The view from Little Round Top today is beautiful, absolutely stunningly laid out before you with a wonderful variety of glacial rock formations, hills and wooded tracks interspersed with meadows, farm houses and fenced-in cultivated fields…..and hard to fathom the cataclysm that occurred here 150 years ago.
For example, the distance between the Devil’s Den and Little Round Top is quite close. In fact if you clap your hands at the Devils Den today you will hear three distinctive sound slap-backs. During the fighting on July 2nd, with Rebel guns in the Devils Den and Union artillery on the Little Round Top above exchanging salvoes, combined with the incessant volleys of musket fire, the concussive sound waves caused the soldiers ears to bleed.
During the late afternoon fighting, Dan Sickles has his leg blown off by a cannon ball near the Peach Orchard but General Meade has things in hand and saves the day by getting every soldier available to the crisis point at Gettysburg on July 2nd 1863.
Confederate artillery officer, Edward Porter Alexander, commanding the guns at Gettysburg on July 2nd, refers reverentially to Meade’s leadership during this afternoon fight when in his memoirs he writes, “Meade saw the danger, and with military foresight prepared to meet it with every available man. There was not during the war a finer example of efficient command than that displayed by Meade on this occasion.” ***
Attacks on the Union right flank at Culp’s Hill and East Cemetery Hill on July 2nd, were also conducted by the troops under Confederate General Ewell but these attacks were uncoordinated with the main Rebel assault and ultimately failed.
The Union positions at these salients were strong and reinforced so fighting petered out that day with thousands of casualties strewn across the fields of Gettysburg.
Longstreet said, “it was the best three hours fighting ever done by any troops on any battlefield”
On the evening of July 2nd, as Union soldiers reinforced their positions at Gettysburg, across the valley Robert E. Lee felt he had come very close to winning the fight that day. In fact, “by the narrowest of margin imaginable the Confederate attack was beaten off. Then additional Union troops were sent farther south to take possession of Big Round Top, and in the end a solid anchorage for his(meade’s) left. But as the Duke of Wellington remarked after the Battle of Waterloo, it had been a damned near thing.” *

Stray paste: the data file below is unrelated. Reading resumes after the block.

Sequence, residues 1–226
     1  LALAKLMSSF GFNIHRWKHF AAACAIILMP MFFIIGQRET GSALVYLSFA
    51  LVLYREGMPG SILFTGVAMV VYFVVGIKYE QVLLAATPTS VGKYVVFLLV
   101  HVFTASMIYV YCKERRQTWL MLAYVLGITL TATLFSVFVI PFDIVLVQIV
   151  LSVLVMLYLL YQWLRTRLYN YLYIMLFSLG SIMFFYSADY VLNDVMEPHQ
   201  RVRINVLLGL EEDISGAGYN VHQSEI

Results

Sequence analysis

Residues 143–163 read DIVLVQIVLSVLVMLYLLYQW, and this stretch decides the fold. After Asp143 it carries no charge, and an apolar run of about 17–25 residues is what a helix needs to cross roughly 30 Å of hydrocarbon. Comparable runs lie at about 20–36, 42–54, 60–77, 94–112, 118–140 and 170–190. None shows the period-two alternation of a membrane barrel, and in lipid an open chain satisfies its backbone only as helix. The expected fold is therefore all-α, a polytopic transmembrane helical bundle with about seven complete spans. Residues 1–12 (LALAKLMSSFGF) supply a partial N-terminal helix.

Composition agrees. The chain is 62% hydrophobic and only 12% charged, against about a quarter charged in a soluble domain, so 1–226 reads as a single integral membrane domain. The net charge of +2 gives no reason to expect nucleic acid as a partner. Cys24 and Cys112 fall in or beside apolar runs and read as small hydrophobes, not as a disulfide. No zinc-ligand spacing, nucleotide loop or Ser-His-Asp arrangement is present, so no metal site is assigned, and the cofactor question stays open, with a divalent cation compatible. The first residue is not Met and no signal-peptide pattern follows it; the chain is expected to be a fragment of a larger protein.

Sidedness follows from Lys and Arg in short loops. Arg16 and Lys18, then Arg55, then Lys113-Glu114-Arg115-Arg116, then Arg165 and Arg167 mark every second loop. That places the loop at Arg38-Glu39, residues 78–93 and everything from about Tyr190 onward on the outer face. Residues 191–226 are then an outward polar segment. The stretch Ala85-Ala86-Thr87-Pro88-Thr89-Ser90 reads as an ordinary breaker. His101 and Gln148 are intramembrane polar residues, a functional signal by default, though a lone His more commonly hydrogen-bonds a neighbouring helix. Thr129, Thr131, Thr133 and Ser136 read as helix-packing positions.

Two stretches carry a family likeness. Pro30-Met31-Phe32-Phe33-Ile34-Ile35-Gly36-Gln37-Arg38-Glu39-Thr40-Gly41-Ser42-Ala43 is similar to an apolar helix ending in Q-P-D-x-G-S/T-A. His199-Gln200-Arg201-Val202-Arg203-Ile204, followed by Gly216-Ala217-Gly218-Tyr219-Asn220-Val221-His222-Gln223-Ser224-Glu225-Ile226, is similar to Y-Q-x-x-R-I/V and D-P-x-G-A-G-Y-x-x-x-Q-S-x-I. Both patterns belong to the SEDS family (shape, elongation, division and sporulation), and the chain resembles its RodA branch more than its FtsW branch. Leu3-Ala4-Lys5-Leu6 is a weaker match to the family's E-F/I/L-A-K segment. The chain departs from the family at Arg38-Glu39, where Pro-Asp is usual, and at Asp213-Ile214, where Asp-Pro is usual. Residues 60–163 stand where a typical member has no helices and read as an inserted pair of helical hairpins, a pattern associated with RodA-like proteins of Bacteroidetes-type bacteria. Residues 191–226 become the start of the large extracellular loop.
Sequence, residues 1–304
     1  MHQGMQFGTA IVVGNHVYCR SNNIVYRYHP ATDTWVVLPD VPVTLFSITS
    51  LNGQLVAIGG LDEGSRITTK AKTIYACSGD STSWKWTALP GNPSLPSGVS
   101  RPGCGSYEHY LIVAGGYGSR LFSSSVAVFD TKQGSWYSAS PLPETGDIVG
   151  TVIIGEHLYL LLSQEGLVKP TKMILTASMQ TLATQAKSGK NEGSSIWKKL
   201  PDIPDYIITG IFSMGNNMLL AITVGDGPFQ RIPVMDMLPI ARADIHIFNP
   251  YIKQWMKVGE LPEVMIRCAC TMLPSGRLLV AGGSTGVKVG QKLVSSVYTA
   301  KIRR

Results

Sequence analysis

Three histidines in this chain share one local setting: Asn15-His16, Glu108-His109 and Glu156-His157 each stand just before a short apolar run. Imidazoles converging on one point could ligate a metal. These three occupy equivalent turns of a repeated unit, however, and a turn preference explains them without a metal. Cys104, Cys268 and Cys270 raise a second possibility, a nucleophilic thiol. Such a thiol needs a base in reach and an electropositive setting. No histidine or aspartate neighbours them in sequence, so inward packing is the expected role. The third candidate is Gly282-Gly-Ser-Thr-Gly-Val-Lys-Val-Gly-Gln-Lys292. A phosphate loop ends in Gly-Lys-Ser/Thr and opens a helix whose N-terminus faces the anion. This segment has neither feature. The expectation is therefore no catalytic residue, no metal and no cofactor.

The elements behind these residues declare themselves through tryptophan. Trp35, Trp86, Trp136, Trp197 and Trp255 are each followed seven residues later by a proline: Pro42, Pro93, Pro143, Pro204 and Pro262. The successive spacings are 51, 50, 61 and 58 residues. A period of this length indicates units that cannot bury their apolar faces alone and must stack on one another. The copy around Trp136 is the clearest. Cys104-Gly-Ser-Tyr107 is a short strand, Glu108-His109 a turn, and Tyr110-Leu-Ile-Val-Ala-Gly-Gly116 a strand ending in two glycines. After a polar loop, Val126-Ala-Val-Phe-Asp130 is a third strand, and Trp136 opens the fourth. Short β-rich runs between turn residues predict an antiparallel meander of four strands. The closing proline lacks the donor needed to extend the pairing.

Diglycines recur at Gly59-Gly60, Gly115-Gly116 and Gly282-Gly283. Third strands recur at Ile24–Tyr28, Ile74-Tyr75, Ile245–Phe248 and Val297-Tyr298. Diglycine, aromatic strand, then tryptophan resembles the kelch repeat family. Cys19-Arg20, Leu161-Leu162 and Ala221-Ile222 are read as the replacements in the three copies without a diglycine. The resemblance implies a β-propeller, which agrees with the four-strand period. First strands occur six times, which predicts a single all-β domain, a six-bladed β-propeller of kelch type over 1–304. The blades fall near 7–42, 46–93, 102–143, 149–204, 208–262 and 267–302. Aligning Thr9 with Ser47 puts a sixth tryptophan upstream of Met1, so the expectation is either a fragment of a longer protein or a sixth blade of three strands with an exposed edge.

That evening General Lee thought over his options and knew he had enough man power for one more fight. “Lee could not withdraw from this battle without admitting outright defeat, he could not simply hold his ground and wait for the Federals to come over to the offensive, and the armies were locked together too tightly to permit the kind of maneuver that Longstreet had called for. Lee was compelled to strike one more blow on July 3rd, and he had just strength enough for one more blow.” *
“And what nobody quite noticed at the time was that Robert E. Lee was fighting this battle in a manner unlike any he had followed before. His army had become a superb instrument for finding and exploiting enemy weak spots, and over and over again it had won battles against superior numbers by behaving in that way. Now, for the first time, it was hitting the enemies strong points; in effect, it was fighting Meade’s way, not Lee’s. Coming north of the Potomac, the Army of Northern Virginia had mislaid its old recipe for victory.” *
(*) Bruce Catton, “Gettysburg: The Final Fury”
(**) Michael Shaara, “The Killer Angels”
(***) Edward Porter Alexander, “Military Memoirs of a Confederate”